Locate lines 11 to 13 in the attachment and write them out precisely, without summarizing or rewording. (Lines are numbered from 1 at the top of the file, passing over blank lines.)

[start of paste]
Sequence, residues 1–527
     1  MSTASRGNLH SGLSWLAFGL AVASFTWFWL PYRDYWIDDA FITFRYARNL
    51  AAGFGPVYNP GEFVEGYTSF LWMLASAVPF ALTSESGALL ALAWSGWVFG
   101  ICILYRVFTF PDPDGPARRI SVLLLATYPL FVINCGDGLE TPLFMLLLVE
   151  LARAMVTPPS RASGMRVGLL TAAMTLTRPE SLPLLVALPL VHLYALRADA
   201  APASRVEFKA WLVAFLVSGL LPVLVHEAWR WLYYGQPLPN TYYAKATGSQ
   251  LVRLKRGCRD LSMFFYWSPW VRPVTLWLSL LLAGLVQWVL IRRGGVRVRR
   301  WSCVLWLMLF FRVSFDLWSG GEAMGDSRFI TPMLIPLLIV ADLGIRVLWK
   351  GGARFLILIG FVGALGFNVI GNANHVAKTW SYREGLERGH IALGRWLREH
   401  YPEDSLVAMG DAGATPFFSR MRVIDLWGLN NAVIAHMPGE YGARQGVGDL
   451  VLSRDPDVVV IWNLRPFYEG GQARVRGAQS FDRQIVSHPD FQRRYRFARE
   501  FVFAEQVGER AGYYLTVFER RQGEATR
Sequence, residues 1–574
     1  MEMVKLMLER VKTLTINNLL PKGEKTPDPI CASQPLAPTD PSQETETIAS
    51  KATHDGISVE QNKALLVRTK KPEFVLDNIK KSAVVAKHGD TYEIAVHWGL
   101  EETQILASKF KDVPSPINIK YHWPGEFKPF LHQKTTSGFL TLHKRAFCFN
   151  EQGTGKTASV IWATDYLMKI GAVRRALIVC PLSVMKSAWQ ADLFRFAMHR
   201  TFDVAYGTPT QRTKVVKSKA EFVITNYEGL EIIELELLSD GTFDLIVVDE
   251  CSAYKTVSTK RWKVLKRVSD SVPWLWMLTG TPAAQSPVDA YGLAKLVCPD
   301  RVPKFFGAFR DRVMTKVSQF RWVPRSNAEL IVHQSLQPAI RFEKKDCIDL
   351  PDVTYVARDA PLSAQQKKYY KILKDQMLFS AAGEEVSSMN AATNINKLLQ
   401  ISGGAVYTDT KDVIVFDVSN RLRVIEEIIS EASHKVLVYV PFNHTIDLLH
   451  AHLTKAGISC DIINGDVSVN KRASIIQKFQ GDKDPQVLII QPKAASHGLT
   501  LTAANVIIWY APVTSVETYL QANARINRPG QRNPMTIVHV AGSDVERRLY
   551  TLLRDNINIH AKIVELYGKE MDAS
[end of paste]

   451  VLSRDPDVVV IWNLRPFYEG GQARVRGAQS FDRQIVSHPD FQRRYRFARE
   501  FVFAEQVGER AGYYLTVFER RQGEATR
Sequence, residues 1–574